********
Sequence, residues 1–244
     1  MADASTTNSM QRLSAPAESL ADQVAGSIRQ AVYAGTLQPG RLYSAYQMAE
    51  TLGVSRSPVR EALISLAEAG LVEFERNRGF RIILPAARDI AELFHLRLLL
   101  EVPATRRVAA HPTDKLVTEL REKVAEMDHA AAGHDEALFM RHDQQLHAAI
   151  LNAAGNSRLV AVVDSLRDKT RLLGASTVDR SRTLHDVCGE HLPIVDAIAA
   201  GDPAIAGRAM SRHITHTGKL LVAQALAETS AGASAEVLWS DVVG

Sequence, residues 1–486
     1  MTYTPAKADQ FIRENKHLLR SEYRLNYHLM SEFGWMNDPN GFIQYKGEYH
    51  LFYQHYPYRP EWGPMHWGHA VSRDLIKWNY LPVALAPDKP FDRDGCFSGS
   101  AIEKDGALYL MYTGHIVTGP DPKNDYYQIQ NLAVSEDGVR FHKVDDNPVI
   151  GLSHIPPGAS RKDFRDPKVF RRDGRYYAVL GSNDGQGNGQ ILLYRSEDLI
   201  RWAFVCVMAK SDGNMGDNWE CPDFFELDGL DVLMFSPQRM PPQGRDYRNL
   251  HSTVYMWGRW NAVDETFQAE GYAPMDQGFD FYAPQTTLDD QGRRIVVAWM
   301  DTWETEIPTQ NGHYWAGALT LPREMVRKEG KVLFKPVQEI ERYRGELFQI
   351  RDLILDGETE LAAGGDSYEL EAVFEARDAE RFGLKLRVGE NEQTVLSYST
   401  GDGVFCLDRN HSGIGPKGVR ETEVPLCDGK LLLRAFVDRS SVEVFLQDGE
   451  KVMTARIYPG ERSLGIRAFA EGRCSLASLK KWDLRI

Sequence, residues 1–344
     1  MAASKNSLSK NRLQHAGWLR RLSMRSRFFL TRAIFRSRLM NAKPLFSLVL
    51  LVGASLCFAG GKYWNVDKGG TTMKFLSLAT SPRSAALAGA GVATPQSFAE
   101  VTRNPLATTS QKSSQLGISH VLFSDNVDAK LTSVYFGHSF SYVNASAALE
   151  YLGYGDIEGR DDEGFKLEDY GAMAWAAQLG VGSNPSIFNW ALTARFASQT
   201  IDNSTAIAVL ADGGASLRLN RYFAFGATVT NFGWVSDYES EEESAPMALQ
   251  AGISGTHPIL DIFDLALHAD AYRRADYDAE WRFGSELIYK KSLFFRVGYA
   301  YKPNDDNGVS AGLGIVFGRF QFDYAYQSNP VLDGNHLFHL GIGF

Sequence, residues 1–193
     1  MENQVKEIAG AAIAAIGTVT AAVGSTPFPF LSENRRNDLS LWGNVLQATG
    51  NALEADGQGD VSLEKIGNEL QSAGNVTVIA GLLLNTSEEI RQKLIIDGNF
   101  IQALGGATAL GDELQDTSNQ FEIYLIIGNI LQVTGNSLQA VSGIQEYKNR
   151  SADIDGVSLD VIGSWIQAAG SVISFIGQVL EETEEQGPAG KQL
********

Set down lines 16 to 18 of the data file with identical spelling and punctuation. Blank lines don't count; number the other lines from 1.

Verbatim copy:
   401  GDGVFCLDRN HSGIGPKGVR ETEVPLCDGK LLLRAFVDRS SVEVFLQDGE
   451  KVMTARIYPG ERSLGIRAFA EGRCSLASLK KWDLRI

Sequence, residues 1–344